JEL: O4 Q54 Q58
    Date: 2018
  4. By: Miles, David K
    Abstract: How much of today's income (GDP) is a result of unjust economic transactions? How much is a legacy of past acquisition of wealth (capital) which was itself unjust? To answer that question requires two things: first, a principle to determine what is, and what is not, a just acquisition of wealth or a just source of income; second, a means of using that principle to estimate what fraction of wealth and income is unjust. I use a principle put forward by Robert Nozick to provide the first of these things and then use some calculations based on standard neoclassical models of economic growth to illustrate its implications for the scale of unfairness today.
    Keywords: Distributive justice; Human Capital; income distribution; Solow growth model
    JEL: O15 P14 P26 P48
    Date: 2018–11
  5. By: Daniel Montolio (Universitat de Barcelona & Institut d'Economia de Barcelona (IEB)); Ana Tur-Prats (University of California, Merced)
    Abstract: This paper analyzes the historical determinants and long-term persistence of social capital, as well as its effect on economic development, by looking at the legacy of the commons in a Spanish region. In medieval times, common goods were granted to townships and were managed collectively by local citizens. This enabled the establishment of institutions for collective action and self-government. Common goods persisted until the second half of the nineteenth century. We argue that the experience of cooperation among villagers, repeated over the centuries, increased the social capital in each local community. In 1845, a law forced small villages to merge with others, a fact which generated exogenous variation in the number of mergers (i.e., cooperative networks) that each modern municipality was required to have. We exploit this change in an IV and RD setting and find that current municipalities formed by a greater number of old townships have a denser network of associations. We also find that higher social capital is associated with more economic development.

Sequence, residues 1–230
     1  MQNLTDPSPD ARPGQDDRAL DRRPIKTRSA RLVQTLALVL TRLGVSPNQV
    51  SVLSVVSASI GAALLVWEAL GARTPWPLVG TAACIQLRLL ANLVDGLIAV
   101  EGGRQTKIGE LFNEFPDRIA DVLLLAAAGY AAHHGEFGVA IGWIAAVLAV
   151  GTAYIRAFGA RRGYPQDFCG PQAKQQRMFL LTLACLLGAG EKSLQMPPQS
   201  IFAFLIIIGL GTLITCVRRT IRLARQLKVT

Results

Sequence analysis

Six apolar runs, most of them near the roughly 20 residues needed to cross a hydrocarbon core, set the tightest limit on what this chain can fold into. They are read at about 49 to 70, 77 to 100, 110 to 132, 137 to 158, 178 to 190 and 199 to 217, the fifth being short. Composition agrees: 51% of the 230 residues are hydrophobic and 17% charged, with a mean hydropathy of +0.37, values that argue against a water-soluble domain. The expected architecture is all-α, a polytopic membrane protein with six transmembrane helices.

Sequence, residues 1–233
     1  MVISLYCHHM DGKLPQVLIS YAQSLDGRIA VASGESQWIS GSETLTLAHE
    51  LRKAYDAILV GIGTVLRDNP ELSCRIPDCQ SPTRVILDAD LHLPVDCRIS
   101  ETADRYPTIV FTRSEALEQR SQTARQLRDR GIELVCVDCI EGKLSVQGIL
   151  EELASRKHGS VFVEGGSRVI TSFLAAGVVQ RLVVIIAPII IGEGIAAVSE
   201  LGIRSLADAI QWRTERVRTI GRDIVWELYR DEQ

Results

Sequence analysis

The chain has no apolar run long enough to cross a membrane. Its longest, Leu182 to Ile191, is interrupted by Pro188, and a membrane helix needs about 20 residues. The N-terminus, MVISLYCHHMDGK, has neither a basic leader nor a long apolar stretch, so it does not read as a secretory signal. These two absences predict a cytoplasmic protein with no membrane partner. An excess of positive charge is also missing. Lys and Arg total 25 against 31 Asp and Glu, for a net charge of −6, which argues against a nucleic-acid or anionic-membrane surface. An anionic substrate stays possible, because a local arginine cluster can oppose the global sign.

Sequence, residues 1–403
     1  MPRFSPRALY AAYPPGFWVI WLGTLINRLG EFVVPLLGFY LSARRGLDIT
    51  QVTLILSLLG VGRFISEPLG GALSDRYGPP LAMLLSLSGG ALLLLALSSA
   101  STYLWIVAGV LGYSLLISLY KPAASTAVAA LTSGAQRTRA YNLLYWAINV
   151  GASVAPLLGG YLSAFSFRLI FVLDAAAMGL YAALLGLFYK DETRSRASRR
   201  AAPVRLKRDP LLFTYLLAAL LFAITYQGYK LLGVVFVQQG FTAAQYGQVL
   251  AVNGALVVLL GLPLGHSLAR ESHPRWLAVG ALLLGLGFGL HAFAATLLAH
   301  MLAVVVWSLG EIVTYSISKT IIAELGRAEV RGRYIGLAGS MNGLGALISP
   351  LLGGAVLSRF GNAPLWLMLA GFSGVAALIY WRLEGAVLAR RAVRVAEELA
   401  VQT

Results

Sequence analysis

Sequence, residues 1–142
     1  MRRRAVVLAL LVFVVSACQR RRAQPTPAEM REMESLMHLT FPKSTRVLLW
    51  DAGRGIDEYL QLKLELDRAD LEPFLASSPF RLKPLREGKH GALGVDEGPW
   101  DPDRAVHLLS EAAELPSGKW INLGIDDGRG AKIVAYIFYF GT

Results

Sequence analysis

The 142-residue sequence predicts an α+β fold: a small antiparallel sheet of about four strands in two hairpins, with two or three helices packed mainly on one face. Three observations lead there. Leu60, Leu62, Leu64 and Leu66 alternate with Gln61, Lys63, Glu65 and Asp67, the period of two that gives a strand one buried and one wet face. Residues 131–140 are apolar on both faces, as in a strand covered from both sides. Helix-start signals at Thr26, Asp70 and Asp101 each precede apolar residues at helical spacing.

Keywords: Collective Action, Self-Government, Long-Term Persistence, Common Goods
    JEL: N90 P48 Z10 H49
    Date: 2018
  6. By: Bloom, David E. (Harvard University); Kuhn, Michael (Vienna Institute of Demography)
    Abstract: The positive cross-country correlation between health and economic growth is well-established, but the underlying mechanisms are complex and difficult to discern. Three issues are of central concern. First, assessing and disentangling causality between health and economic growth is empirically challenging. Second, the relation between health and economic growth changes over the process of economic development. Third, different dimensions of health (mortality vs. morbidity, children's and women's health, and health at older ages) may have different economic effects.
    Keywords: longevity, health, productivity, poverty traps, economic development, economic well-being, living standards, neoclassical and R&D-based growth
    JEL: I10 J13 J24
    Date: 2018–11
  7. By: Fernihough, Alan; Ó Gráda, Cormac
    Abstract: The link between demographic pressure and economic conditions in pre-Famine Ireland has long interested economists. This paper re-visits the topic, harnessing the highly disaggregated parish-level data from the 1841 Census of Ireland. Using population per value adjusted acre as a measure of population pressure, our results indicate that on the eve of the Great Famine of 1846{50, population pressure was positively associated with both illiteracy rates and the prevalence of poor quality housing. But while our analysis shows that population pressure was one of the primary factors underpinning pre-Famine poverty, it also highlights the importance of geography and human agency. A counterfactual computation indicates that had Ireland's population stayed at its 1800 level, this would have led to only modest improvements in literacy and housing.
    Keywords: Famine,Malthus,Population,Ireland
    JEL: N33 B30 J11
    Date: 2018
  8. By: Iyigun, Murat (University of Colorado, Boulder); Rubin, Jared (Chapman University); Seror, Avner (Chapman University)